Original source: AFL-CIO Now
The nation’s health care system is broken and now is the time to act to gain real health care reform. With a vote on health care reform coming soon to Congress, delegates to the AFL-CIO Convention today passed two strong resolutions to provide quality affordable health care and another to ensure safe and healthy workplaces.

They also took immediate action on the floor to mobilize against the insurance industry that is profiting by denying health care to patients who need it and raising premiums.

Both AFL-CIO Secretary-Treasurer Richard Trumka and Sen. Arlen Specter (D-Pa.) told the convention the Senate will vote on a health care bill in the next few weeks. After passing the resolutions, delegates signed pledges to work for real health care reform when they get back home. Many used their cell phones to call their locals to march on the major health insurers between Sept. 22 and Oct. 2. AFT President Randi Weingarten, who was presiding over the debate, called the chief lobbyist for the United Federation of Teachers in New York City, her home local, while on the podium, and with the entire convention listening, convinced him to hold an action.

The mobilization is part of an AFL-CIO campaign to hold insurers accountable, Trumka said,
for denying care and shutting people out and using our members’ premium dollars.
The skyrocketing cost of health care is bankrupting our economy and stealing the American Dream from working families, Trumka said. Unless we are able to increase coverage for the uninsured and lower the cost of health care insurance, one day health care will be out of reach of only the rich, he said.

One resolution set a goal of a single payer health care system and the second supported a program of immediate health care reform. During the debate, Greg Junemann, president of the International Federation of Professional and Technical Engineers (IFPTE), said now is the time to put the AFL-CIO on the top of the health care debate. When workers leave the convention, they know that health care cuts will be on the negotiating table.

We will not rest until we get necessary health care for all Americans. It’s the right thing to do.
Health care is a civil right not a privilege, said delegate Alan Lubin of AFT. It’s wrong in America for people to have to make the decision between paying for health care or food.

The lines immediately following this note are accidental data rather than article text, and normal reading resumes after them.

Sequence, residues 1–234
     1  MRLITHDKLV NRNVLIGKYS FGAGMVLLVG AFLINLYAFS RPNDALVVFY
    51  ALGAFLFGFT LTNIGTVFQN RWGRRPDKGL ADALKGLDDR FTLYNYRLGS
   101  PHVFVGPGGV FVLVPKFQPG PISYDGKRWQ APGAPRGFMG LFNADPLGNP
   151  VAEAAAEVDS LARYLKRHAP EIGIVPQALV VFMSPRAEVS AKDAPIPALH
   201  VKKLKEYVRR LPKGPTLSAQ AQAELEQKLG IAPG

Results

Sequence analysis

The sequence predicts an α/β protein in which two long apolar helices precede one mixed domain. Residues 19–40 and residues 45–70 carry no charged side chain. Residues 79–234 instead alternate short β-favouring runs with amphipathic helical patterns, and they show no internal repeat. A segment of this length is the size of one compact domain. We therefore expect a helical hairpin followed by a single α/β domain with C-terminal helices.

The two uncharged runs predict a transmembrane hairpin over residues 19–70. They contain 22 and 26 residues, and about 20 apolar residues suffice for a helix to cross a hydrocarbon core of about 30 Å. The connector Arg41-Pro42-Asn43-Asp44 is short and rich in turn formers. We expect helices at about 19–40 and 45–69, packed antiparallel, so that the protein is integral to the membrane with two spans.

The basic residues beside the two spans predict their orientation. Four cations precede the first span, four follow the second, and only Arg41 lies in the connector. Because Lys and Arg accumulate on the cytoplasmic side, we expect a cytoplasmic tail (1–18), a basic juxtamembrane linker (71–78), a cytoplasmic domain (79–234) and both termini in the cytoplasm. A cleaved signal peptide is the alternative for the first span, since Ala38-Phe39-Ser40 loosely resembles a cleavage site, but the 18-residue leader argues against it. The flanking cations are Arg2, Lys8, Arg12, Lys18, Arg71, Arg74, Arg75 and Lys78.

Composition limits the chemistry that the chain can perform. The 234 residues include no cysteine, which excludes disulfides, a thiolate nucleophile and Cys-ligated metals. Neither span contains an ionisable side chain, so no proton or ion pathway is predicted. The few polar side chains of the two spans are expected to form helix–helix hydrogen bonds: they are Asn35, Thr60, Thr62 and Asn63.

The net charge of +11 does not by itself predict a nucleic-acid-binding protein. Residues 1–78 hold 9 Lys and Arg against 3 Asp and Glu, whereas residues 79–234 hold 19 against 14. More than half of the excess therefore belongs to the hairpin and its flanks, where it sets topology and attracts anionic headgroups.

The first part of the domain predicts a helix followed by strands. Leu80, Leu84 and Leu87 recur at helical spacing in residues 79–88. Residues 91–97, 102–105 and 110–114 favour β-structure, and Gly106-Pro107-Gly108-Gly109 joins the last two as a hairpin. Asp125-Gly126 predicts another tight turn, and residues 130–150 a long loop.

Delegate Sol Luciano of AFSCME put it on the line, saying:
We live in a country where people are afraid to go to the doctor not because they are afraid they have cancer, but because they are afraid of losing their homes or their children’s college fund. We’ve been trying so long to reform health care that if the health care system were a person, it would be eligible for Medicare.

AFSCME President Gerald McEntee said President Obama gets the connection between the cost of health care and the economic mess we’re in.
Working families know the health of the family budget and the federal budget depend on health care reform.

North Carolina State AFL-CIO Secretary-Treasurer MaryBe McMillan added:
Working families have paid their dues, played by the rules and the insurance companies have not. The issue is fundamental fairness. It’s time to stand up, speak out and mobilize to tell members of Congress to listen to the people, not the insurance industry.

Health in the workplace was also on the delegates’ minds as they debated a resolution to strengthen the nation’s workplace safety laws. In 2008, some 5,071 workers were killed on the job and an estimated 50,000 more lost their lives due to occupational illnesses. Between 9 and 12 million workplace injuries and illnesses occur every year.

In two poignant statements, Mine Workers (UMWA) President Cecil Roberts and New York State AFL-CIO President Denis Hughes reminded the audience why health and safety is so important.

Roberts recounted the deaths of 12 coal miners at the Sago Mine in 2006 and others at the Jim Walter No. 5 Mine:
We are here to give voice to [the dead miners]. As a labor movement we have to make sure that this doesn’t happen to another miner. We have to let them know that the best hope they have of coming home to their families is a union.

Hughes reminded the convention that eight years after the Sept. 11, 2001, terrorist attacks, there is no mechanism in place to provide long-term health care to the first responders who risked their lives to save the survivors and recover the victims.